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I don’t mean to be neglecting the blog today

But I’m neglecting the blog today. I’m finally at #scio14, and it’s busy busy busy. So far today I’ve been in sessions on reaching diverse audiences and on doing better at serving differently abled communities, because I’d like to do both, and this afternoon there’s stuff on media and networks and who knows what that will keep me engaged.

It’s actually refreshing to be here–it really is a diverse group, and there are lots of younger people (I feel like the crotchety old fogie…oh, wait, I always feel like that). My goal this weekend is to dispel a little bit of my disillusionment with online communities and get inspired again, and this is a good place to do that. So I’m just making little notes on ideas that can give me fresh eyes and change up what I do…and I hope, do it better.

You’ll forgive a little mild distractedness for that, right?

Comments

  1. moarscienceplz says

    PZ, be sure you tell all them young whippersnappers about how you used to have to carve your blog into stone tablets and deliver it by hand in the snow uphill both ways. Fogie power!

  2. chigau (違う) says

    old fogy
    時代遅れな人.
    jidai kurena hito.
    literally “era delayed person”
    I ♥ the Internets.

  3. chippanfire says

    “differently abled”? Did the disabled people in these sessions use this phraseology?

  4. says

    <blockquote
    “differently abled”? Did the disabled people in these sessions use this phraseology?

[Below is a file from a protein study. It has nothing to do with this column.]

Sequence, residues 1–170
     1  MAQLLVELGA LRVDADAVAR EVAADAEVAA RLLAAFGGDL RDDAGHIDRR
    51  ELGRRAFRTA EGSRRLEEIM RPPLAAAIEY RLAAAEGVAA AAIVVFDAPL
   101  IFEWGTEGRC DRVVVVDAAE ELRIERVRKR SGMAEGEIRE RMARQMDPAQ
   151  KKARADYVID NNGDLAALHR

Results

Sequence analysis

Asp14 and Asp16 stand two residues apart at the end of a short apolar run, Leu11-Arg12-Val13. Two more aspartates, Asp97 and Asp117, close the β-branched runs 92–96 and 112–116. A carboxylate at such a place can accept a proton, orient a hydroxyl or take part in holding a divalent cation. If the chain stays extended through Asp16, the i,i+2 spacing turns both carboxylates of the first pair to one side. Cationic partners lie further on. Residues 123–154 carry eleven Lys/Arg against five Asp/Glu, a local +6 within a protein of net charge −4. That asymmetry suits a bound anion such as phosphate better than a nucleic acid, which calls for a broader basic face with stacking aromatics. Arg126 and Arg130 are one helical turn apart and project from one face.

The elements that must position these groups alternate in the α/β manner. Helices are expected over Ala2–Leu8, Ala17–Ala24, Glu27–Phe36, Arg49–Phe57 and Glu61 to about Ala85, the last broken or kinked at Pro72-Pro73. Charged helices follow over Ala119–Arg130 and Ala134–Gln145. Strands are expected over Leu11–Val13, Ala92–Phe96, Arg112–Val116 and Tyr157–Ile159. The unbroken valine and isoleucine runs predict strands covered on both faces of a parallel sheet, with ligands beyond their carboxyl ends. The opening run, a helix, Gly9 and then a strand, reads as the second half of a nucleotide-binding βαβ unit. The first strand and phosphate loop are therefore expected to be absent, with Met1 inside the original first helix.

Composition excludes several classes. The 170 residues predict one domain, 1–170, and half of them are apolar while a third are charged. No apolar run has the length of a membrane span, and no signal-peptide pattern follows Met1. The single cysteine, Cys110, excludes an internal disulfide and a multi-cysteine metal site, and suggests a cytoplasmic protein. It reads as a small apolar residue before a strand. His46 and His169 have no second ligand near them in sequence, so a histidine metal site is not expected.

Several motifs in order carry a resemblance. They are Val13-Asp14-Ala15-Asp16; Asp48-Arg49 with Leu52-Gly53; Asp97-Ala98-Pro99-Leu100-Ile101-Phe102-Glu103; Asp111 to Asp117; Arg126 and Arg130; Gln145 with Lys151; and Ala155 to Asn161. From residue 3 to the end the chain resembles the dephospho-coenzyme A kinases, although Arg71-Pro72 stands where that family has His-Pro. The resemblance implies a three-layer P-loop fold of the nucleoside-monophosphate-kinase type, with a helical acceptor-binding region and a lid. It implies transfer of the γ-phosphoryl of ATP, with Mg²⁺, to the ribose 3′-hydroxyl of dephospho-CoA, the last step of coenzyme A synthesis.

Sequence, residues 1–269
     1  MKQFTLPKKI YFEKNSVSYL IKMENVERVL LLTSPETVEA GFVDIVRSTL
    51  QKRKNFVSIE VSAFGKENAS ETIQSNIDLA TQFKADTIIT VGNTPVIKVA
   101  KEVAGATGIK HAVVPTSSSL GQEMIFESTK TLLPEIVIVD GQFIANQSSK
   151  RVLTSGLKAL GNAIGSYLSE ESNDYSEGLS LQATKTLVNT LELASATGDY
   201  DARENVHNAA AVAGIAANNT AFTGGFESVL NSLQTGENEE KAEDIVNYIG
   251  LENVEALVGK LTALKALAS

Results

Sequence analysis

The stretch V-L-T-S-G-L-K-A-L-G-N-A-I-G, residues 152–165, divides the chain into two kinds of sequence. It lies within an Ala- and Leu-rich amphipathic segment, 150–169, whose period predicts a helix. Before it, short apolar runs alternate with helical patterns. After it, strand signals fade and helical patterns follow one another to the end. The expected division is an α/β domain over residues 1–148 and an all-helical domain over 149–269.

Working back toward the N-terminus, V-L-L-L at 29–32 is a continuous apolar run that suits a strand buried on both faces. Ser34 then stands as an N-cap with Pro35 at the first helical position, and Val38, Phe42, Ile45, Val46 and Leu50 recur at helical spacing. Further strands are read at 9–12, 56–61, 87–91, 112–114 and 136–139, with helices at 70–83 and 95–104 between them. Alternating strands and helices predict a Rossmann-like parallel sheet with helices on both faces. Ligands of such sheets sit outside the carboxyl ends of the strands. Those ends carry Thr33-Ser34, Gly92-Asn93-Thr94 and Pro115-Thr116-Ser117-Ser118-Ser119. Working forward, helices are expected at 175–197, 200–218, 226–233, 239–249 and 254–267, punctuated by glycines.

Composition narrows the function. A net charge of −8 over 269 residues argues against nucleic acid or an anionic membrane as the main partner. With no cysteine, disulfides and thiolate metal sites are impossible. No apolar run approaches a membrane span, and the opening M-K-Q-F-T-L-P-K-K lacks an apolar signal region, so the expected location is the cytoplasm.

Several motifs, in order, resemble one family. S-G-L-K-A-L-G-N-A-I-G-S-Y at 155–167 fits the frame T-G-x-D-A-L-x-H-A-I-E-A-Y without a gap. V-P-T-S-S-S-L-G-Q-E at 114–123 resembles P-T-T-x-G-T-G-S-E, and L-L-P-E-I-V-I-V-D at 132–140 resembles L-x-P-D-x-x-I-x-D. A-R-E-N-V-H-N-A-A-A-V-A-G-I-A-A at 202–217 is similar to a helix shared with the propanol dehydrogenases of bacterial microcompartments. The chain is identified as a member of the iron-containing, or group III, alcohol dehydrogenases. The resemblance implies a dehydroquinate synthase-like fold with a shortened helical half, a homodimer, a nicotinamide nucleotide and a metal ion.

It is a commonly used term, I am not sure why you find it so strange. Like all terms there is disagreement about them, and some people do not like “differently abled”, but it is most definitely commonly used by disabled people that dislike the connotations of “disabled”.

  5. chippanfire says

    Well, it may be a commonly used term in the US but not in the UK. In the UK, theory and activism tends to be based around the social model of disability which holds that societal attitudes are what prevent people with impairments from achieving equality (very broad brush definition). Thus we do speak of “disabled people” because people have been disabled by these barriers. Terms like “differently abled” or “handicapable” would get very short shrift. My questioning the usage was because I would be surprised that disabled activists and in the US are so different in their thinking. I hope you’re more sure of my reasons now.